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February 7 – April 17, 2016


SKIN examines the work artists who are inspiring dialogue about race and identity, while challenging the very definitions. This exhibition addresses issues that have been increasingly prominent since President Obama’s election, which is symbolic of both strides in race relations, as well as ruptures in the “skin” that binds us. During 2016, racially charged events in Ferguson, Baltimore, Cleveland, Chicago, New York City, Prairie View, Charleston, Oakland, and Southern California have also revealed chasms in the issues of race and identity and have subsequently, become a growing part of the national dialogue. Artists in Los Angeles and throughout the country have been galvanized by these events, inspiring new works, many of which are showcased in SKIN.


Featured Artists Include: Geordy Zodidat Alexis, James Berson, April Bey, Maura Brewer, Ben Caldwell, Audrey Chan, Christopher Christion, Holly Crawford, Ken Gonzales-Day, Fabian Debora, Cole James, Camella DaEun Kim, Zeal Harris, Malisa Humphrey, Farrah Karapetian, Ann Le, Nery Gabriel Lemus, Derrick Maddox, Michael Massenburg, Kathie Foley-Meyer, Larissa Nickel, Margaret Noble, Duane Paul, Linda Ravenswood, Megan Reed, Kaitlynn Redell, Bruce Richards, Bryan Rodriguez Cambana, Sandy Rodriguez, Daniel Rothman, Yoshie Sakai, Cauleen Smith, Gabriel Sosa, Holly Tempo, Kara Walker and Jessica Wimbley.

SKIN Exhibition Statement

The election of President Obama in 2008 and re-election in 2012 marked the emergence of a new period in race relations and identity politics in the United States. One in which significant advancements underscore deeper, more persistent ruptures in the skin that binds us as Americans. President Obama, from a multiracial family, represented the most potent and singular figure for the progress made by the civil rights movement, multiculturalism, and identity politics from the previous decades. Some even argued that his election marked the moment of post-racism in the country’s history. And yet, since election, numerous racialized incidents have occurred that tell a different story. The exhibition SKIN brings thirty-six artists whose work is timely and engaged in many ways with these broader debates. The gallery acts as a discursive space where these disparate conversations can have a platform, and where further productive work and reflection on these topics can proceed.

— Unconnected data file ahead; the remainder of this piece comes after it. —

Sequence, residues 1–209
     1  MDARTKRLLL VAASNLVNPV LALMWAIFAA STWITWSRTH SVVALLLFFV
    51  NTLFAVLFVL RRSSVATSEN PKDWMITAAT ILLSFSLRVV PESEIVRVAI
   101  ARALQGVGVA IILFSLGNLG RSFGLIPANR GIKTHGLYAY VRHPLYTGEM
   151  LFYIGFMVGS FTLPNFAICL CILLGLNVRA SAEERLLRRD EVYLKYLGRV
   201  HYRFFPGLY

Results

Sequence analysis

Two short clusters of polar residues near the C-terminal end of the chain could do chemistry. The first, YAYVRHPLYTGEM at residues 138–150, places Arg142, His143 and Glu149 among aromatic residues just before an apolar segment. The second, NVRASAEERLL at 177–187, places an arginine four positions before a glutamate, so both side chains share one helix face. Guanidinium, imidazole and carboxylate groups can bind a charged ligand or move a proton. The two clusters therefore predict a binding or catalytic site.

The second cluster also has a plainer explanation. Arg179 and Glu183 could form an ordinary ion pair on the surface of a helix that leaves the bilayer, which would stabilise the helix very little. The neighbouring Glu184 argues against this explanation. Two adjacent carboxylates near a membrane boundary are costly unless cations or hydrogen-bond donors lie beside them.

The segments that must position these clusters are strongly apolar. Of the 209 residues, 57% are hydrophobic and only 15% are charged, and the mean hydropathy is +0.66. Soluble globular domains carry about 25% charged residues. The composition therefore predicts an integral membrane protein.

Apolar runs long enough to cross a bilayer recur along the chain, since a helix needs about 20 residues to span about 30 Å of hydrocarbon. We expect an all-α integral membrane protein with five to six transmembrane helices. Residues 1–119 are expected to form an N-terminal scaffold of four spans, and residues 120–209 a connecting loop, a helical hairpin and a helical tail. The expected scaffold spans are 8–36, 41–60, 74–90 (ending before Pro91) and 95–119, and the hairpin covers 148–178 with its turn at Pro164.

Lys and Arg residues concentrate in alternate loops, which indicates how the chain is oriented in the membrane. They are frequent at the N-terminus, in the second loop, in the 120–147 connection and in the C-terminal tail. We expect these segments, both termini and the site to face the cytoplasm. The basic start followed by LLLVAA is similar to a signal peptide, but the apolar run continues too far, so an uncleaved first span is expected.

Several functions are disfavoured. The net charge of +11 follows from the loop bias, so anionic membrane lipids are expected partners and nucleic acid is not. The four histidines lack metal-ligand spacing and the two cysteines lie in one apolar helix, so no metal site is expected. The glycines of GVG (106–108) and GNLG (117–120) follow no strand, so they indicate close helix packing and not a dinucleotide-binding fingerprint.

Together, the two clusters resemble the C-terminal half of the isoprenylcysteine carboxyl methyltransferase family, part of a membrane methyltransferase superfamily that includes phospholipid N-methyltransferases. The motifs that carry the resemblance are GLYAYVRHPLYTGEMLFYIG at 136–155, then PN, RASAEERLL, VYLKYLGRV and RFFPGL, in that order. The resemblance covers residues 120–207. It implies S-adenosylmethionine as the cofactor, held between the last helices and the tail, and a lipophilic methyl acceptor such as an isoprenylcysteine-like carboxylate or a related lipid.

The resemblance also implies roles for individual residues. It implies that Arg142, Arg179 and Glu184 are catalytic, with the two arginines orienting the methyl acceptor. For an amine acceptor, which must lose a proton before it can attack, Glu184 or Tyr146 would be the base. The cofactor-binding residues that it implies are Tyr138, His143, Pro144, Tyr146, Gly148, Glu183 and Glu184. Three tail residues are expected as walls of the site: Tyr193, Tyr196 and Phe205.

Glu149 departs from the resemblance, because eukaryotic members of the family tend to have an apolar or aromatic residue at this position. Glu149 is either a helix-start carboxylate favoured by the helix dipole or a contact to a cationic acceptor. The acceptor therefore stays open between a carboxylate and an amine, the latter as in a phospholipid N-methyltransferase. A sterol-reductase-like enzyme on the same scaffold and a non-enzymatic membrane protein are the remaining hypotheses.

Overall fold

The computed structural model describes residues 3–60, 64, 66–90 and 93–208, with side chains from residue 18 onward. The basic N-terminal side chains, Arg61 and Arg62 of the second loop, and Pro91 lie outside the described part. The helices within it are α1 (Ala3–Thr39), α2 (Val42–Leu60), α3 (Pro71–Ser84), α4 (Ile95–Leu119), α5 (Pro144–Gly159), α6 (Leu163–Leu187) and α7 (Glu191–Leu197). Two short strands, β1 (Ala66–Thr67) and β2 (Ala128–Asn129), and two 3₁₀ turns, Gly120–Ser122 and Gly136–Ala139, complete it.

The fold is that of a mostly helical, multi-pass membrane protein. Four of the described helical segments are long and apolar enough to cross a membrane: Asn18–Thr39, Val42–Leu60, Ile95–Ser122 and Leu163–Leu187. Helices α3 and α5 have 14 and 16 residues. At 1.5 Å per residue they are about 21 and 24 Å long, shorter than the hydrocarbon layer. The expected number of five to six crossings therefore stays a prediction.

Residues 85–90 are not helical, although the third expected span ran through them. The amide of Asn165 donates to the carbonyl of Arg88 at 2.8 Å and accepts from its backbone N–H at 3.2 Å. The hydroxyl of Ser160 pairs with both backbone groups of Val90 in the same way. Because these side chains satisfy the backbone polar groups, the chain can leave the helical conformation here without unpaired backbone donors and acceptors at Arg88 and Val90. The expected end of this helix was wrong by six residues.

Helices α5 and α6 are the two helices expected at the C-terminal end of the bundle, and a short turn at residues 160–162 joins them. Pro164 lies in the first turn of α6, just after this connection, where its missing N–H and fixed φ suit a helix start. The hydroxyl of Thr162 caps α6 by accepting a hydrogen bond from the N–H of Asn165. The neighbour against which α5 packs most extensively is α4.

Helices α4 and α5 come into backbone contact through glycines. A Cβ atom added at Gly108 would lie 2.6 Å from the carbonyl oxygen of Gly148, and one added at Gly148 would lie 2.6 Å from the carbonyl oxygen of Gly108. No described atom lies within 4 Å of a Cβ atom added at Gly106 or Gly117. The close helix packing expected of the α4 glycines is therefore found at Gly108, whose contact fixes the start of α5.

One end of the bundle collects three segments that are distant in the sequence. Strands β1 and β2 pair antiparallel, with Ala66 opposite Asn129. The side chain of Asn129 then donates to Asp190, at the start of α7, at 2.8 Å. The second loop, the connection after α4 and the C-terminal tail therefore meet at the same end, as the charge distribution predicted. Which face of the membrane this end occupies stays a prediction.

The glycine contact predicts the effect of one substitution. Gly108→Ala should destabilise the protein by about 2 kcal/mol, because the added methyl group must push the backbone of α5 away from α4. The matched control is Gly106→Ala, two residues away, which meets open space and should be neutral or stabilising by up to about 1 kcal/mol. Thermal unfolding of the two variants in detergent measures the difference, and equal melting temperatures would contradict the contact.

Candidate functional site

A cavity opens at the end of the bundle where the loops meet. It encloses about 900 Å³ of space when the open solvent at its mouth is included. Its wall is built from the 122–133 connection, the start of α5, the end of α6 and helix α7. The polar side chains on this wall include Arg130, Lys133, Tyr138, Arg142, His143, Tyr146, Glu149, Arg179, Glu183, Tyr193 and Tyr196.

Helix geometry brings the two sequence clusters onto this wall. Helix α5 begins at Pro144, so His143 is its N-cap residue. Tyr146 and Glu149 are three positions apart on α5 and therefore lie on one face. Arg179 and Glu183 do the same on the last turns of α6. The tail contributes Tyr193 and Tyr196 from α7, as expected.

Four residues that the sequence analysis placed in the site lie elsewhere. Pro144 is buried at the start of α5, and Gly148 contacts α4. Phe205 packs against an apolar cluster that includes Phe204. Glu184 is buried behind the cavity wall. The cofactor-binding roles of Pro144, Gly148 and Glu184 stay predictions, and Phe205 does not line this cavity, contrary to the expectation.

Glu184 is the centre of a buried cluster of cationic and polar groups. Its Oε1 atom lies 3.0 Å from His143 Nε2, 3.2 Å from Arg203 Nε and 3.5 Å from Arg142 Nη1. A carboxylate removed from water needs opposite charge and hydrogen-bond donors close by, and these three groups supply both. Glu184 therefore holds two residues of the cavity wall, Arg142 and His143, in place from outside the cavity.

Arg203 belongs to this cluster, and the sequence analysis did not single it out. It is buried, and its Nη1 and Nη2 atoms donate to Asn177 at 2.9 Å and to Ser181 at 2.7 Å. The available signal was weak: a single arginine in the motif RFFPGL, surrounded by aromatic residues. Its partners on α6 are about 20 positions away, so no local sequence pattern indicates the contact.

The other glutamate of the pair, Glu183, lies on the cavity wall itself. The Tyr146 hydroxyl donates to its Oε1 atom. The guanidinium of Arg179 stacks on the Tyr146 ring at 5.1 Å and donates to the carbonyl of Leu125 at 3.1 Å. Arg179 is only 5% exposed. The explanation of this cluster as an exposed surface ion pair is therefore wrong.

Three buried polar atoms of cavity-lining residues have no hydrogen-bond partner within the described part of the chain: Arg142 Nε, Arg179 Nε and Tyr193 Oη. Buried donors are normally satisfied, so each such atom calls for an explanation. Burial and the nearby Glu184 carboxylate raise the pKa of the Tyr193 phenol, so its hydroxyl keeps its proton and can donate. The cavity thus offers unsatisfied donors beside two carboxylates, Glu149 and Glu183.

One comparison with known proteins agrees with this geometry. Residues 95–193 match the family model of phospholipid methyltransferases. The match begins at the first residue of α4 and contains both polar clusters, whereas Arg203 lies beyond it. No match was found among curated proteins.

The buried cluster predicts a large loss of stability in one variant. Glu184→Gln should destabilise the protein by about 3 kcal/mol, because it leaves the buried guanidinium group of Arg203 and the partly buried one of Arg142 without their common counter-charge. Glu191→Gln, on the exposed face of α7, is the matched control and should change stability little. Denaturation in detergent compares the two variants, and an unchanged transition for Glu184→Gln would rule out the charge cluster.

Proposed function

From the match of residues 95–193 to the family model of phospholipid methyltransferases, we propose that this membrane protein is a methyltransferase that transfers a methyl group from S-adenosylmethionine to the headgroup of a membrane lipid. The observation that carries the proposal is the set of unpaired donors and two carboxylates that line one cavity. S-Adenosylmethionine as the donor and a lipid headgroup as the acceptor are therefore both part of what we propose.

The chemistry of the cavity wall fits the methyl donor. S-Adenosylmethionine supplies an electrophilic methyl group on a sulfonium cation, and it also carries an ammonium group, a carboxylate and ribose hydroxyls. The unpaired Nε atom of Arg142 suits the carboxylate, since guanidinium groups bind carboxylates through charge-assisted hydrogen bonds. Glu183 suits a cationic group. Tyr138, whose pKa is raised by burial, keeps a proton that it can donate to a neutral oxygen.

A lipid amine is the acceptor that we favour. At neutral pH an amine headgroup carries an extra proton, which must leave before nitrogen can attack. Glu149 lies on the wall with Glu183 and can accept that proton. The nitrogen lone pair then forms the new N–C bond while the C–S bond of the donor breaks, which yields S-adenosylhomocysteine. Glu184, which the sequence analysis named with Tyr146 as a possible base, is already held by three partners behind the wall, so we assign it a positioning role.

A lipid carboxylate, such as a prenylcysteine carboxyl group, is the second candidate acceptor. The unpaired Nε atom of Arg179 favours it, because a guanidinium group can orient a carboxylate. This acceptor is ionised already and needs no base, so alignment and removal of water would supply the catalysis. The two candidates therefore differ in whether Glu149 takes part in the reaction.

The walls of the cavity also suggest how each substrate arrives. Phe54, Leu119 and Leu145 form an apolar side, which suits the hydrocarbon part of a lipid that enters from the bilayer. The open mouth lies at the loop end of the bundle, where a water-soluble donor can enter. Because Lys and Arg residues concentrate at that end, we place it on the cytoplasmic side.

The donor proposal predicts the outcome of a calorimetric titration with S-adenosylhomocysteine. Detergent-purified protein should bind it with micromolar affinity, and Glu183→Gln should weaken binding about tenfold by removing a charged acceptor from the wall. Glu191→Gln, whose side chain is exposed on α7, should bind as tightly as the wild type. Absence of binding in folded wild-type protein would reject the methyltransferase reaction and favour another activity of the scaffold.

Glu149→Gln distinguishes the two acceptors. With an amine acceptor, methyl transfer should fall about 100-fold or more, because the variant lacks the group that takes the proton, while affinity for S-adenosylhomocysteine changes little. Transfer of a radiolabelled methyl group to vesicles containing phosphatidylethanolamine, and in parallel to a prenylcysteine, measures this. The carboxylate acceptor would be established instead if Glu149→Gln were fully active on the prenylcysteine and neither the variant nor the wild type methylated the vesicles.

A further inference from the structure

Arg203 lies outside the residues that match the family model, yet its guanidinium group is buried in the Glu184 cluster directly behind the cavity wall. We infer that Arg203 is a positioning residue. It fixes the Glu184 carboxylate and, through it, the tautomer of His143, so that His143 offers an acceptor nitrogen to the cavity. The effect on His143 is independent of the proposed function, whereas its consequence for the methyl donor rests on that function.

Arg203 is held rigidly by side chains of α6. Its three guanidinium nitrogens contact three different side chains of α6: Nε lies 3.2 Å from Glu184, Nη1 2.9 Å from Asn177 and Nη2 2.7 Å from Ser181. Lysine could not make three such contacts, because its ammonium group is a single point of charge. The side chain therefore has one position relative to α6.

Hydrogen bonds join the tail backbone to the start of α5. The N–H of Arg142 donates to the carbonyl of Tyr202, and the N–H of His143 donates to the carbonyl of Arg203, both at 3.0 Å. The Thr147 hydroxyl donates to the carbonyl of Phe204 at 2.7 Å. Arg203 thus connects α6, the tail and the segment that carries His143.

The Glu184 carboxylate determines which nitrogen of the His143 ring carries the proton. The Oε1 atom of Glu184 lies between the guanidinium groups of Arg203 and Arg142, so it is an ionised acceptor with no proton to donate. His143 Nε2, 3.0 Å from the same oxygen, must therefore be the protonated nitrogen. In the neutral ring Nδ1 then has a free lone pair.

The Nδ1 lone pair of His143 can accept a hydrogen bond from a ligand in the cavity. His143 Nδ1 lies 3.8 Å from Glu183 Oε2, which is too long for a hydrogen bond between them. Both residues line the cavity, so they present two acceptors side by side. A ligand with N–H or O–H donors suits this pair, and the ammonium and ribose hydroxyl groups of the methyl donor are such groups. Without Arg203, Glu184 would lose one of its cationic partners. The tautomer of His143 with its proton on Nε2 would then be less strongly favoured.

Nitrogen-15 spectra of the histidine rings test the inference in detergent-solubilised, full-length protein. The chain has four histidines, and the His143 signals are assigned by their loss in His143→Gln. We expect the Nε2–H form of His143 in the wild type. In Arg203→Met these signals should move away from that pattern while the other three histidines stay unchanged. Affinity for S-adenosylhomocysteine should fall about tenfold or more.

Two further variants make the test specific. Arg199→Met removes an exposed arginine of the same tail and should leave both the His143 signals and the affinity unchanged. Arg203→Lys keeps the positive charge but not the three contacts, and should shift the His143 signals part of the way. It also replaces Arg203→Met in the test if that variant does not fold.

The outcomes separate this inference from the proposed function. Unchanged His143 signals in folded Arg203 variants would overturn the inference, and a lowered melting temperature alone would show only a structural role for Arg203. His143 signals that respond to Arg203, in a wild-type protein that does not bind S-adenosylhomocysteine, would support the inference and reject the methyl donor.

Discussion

These incidents include the recent high profile cases of police violence in New York, Ferguson, Baltimore and elsewhere that have brought to light racial bias in policing; there have also been numerous examples of student unrest at college campuses across the country, inspired by the racial bias and institutional indifference of college and university leadership; there has been the immigration debate especially heated in the lead up to the next presidential election; and there has been the ever-present threat of terrorism that has prompted some politicians to call for the curtailing of the rights of Muslims. And even as we saw the success in the movement for marriage equality bring previously unimaginable rights to gay and lesbian couples, this success has helped reveal the need for greater consideration of the conditions of the transgender community. All of these events and debates have come together in the last several years to bring the subject of race and identity politics from a discussion that had always taken place within diasporic and marginalized communities, to one at the center stage of the national dialogue.

The term “post-racial” emerged to describe this current conjuncture. With the distance of more than fifty years, Dr. Martin Luther King’s ideals have entered into the mainstream discourse and an overall acceptance of the need for racial equality has emerged. In 1962 a young Dr. King sat in a Birmingham jail and penned a now-iconic open letter in response to white Alabama clergymen who were critical of his civil disobedience. In the letter he wrote of being

Cognizant of the interrelatedness of all communities and states. I cannot sit idly by in Atlanta and not be concerned about what happens in Birmingham. Injustice anywhere is a threat to justice everywhere. We are caught in an inescapable network of mutuality, tied in a single garment of destiny. Whatever affects one directly, affects all indirectly.[1]

Yet underlying anxieties remain between acknowledging progress, and simply being Pollyannaish. These tensions erupted over the last few years in Ferguson, Baltimore, Chicago, Los Angeles, and many other places bear this out. As Ta’ Nehisi Coates pointed out, “America’s struggle is not to become post-racial but post-racist”.[2]

The same dynamic we see at the national level we also see played out in miniature in the art world itself, though with an important difference. Having seen on the national level that each instance of progress in terms of diversity and tolerance, also serves to throw into greater relief the continuation of other deeper racial and ethnic divisions, and underlines the distance we still have to travel to close those divisions. Similarly, in the visual arts we find, on the one hand, these incredible strides in increased diversity in group exhibitions, solo exhibitions, an increased prominence and attention given to the legacy of artists of color among museums and collectors. While on the other hand, we find the demographic makeup of the art world as a whole, particularly art audiences, art historians and the artists they choose to write about, over-represents the white population significantly. A recent study puts the group classified as core museum visitors at over 90% white. Against the backdrop of the changing demographics of the country as a whole, this presents us with a worrisome figure. This important difference, that it is not representative of the ethnic and racial makeup of the United States at large, should be kept in mind when discussing race and identity in the art world.